Most New Zealand early learning services are designed with good natural ventilation using windows that can be opened. Early learning services can make the most of this by:

  • Opening all windows and doors, partially or fully as conditions allow, whenever you can. Do not wait for a space to get stuffy before opening windows and doors.
  • Opening lots of windows by a little, rather than a few windows by a lot, to avoid uncomfortable draughts.
  • Opening windows prior to or as soon as people arrive in the space and increase the through the day when the room is vacated.
  • Where possible, opening multiple external windows and doors on the opposite sides of a room to enable a cross flow of air.
  • For spaces that only have external windows and doors on one side of the building, consider also opening doors that connect the space to internal corridors to assist with airflow. If doing this, the adjoining space should be well-ventilated and have its external windows open.
  • Taking regular refresh breaks to flush the space with fresh air, as explained below.
  • Ensuring teachers and staff know how to open windows in all spaces throughout the early learning service, and regularly checking to ensure windows are not being temporarily blocked by classroom furniture, children’s artwork or teaching materials.

Refresh breaks (a "reboot" of the room)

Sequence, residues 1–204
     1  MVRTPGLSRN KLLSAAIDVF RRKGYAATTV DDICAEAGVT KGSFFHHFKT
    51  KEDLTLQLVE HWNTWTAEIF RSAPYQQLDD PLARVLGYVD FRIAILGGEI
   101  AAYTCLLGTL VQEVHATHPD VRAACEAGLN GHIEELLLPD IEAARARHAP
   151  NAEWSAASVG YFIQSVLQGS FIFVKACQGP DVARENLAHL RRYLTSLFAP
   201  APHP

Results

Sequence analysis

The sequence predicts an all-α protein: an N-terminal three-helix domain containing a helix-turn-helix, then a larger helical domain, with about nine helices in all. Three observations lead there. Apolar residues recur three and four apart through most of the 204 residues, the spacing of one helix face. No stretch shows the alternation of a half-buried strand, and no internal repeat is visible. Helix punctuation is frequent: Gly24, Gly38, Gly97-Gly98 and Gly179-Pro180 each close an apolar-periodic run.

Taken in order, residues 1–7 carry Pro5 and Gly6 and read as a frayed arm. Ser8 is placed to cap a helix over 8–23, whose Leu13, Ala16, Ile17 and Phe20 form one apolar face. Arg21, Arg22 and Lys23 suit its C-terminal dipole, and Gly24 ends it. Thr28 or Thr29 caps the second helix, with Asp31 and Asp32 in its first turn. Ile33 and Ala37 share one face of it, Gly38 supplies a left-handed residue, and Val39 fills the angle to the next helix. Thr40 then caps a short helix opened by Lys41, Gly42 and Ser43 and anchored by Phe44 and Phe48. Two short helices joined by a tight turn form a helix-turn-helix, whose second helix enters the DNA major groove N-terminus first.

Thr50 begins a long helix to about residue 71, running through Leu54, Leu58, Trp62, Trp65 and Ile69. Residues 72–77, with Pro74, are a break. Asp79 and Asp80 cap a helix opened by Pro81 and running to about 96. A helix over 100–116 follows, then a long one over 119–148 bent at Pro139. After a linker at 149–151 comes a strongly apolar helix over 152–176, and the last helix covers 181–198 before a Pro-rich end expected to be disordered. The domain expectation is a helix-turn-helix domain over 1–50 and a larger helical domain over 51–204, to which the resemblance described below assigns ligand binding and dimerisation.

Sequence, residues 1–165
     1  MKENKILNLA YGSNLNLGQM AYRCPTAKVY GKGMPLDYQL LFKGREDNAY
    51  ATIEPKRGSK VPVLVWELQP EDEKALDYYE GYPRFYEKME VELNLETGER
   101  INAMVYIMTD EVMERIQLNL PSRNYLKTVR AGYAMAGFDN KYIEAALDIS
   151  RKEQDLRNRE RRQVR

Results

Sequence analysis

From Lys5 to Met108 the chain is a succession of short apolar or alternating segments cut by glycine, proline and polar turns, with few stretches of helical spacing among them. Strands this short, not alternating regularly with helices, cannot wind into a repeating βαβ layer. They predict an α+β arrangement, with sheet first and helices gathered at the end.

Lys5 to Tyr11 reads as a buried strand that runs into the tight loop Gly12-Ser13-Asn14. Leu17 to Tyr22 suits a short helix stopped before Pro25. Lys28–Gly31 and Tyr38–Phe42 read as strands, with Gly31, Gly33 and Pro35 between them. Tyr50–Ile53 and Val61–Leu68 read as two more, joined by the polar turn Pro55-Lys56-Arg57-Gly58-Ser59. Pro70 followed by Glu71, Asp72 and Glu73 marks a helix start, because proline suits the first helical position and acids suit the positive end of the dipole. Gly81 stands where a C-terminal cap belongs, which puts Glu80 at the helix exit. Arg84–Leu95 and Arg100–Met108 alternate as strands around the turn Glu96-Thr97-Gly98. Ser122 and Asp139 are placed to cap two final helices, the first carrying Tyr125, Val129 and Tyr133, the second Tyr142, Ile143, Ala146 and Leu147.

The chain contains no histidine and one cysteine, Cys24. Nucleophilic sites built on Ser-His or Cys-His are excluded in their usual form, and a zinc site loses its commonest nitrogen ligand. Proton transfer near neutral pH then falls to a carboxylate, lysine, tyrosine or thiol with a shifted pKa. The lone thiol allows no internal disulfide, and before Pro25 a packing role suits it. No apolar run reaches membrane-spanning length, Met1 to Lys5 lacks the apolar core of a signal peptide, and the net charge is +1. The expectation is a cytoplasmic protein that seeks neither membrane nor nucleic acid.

Refresh breaks are recommended to flush a space with fresh air by fully opening windows and doors for a short time – for example, 5-10 minutes. If this does not resolve the stuffiness and quickly reduce the CO2 levels, the windows and doors may need to be open for a longer period of time.  The air in the room will also be refreshed more quickly if the space is unoccupied during the refresh break.

Early learning services can check whether a refresh break was effective by using a CO2 monitor.

Early learning services should regularly check for any property issues that may need to be resolved, such as:

  • Ensuring all windows and doors that were originally designed to open, can still open.
  • Unsticking windows which may have been fixed or painted shut.
  • Replacing missing or broken window winders, hinges, catches, security stays, or closers.
  • Correcting any previous alterations which may be impeding good ventilation.
  • Ensuring windows are able to be used as intended and are not blocked, covered over or been changed so that they cannot be opened.

Guidance for colder weather and seasons

During colder weather and especially during the winter season, it can be less practical to fully open windows and doors.  But on cold days good ventilation can still be achieved by partially opening the windows.

This is because air flow behaves differently at different temperatures. The bigger the temperature difference between the outside and inside, the more efficiently fresh outside air is drawn in through open windows, even if the actual opening size is quite small.  This provides a flow of fresh air for the space while only resulting in minimal temperature loss.

On colder days, take these additional steps to help ventilate your space while balancing comfortable indoor temperatures:

  • Heat: Heat the room before the start of the early learning service day, which will allow people to open windows earlier in the day. Keep heating on throughout the day to stay warm, with windows partially opened whenever possible.